NEPTUNE Canada begins installation of tsunami detection array

The installation of components of a deep-sea tsunami “antenna”—the first of its kind in the world—is one of the highlights of the current NEPTUNE Canada ocean expedition off the west coast of Vancouver Island. The star-shaped array of four ultra-sensitive bottom-pressure recorders is being positioned at the ends of new 25-km arms of powered fibre-optic cable and will, when completed, provide real-time data to Canadian scientists and the Pacific Tsunami Warning Network.

“By allowing researchers to refine models of how tsunami waves approach our coast, this new technology will provide early warning information that will potentially protect lives and property,” says Dr. Kate Moran, director of NEPTUNE Canada.

During the expedition—which runs May 27–June 26 aboard the University of Washington research vessel Thomas G. Thompson—scientists and engineers are also installing new technology to monitor increasingly low oxygen levels that may severely affect fisheries and aquaculture, and the Vertical Profiler System, a suite of instruments to help scientists better understand the complex biology and chemistry of the ocean.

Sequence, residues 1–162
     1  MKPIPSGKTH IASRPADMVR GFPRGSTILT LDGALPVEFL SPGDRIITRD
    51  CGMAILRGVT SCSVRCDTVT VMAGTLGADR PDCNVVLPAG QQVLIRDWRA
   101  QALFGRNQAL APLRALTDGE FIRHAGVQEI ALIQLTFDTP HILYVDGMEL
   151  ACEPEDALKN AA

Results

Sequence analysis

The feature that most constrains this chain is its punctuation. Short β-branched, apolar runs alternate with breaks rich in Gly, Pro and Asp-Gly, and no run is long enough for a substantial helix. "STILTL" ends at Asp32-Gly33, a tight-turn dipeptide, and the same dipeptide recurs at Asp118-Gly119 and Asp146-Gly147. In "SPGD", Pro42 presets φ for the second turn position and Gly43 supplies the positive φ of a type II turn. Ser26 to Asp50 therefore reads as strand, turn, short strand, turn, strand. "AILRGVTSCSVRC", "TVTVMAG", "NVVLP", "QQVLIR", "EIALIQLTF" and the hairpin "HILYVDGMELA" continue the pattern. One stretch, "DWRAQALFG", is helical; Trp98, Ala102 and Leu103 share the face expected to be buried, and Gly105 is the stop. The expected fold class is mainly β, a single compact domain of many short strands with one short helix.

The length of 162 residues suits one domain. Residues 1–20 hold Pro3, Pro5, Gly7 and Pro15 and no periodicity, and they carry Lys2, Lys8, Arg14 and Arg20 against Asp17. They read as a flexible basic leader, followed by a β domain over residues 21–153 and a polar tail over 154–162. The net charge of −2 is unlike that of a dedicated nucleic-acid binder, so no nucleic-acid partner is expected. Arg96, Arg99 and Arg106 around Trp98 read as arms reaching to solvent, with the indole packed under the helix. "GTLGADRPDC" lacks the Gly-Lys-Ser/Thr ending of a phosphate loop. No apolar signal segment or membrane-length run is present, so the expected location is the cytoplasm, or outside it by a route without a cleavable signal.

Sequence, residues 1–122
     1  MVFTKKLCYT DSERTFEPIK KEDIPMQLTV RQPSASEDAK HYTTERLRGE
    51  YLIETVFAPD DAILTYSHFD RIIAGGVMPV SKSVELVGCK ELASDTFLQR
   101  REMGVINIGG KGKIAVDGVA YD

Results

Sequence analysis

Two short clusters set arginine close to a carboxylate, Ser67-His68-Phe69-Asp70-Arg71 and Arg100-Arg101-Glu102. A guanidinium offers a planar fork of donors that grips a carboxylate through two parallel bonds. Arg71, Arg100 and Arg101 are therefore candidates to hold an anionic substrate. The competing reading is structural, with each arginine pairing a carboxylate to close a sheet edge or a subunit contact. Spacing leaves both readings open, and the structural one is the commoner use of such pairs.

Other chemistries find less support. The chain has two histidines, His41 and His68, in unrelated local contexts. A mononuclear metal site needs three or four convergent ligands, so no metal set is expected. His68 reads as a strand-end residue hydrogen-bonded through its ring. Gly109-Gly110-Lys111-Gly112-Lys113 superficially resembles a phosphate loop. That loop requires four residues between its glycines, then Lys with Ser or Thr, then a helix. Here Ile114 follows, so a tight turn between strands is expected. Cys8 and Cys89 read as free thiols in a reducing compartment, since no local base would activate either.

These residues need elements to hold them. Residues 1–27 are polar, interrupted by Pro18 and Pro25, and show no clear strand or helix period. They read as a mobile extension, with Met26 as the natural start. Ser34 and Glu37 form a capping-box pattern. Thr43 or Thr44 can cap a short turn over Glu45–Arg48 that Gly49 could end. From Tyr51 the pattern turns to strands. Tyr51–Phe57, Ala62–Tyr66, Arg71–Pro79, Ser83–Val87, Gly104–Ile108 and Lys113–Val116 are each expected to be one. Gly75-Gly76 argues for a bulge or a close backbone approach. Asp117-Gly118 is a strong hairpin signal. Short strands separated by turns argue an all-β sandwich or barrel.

To view live video streams of deep-sea dives, as well as live updates and visual highlights, visit the new expedition website, “Wiring the Abyss 2012,” [].

NEPTUNE Canada and its coastal sister network VENUS make up the ONC Observatory, which is managed by Ocean Networks Canada for a consortium led by the University of Victoria. The observatory pioneers a new generation of ocean observation systems that, using power and the Internet, provides continuous, long-term monitoring of ocean processes and events, as they happen.

The ONC Observatory has been made possible through support from the Government of Canada through the Canada Foundation for Innovation, CANARIE and the Natural Sciences and Engineering Council, and through the Government of British Columbia.


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Keywords: tsunami, Ocean Networks Canada

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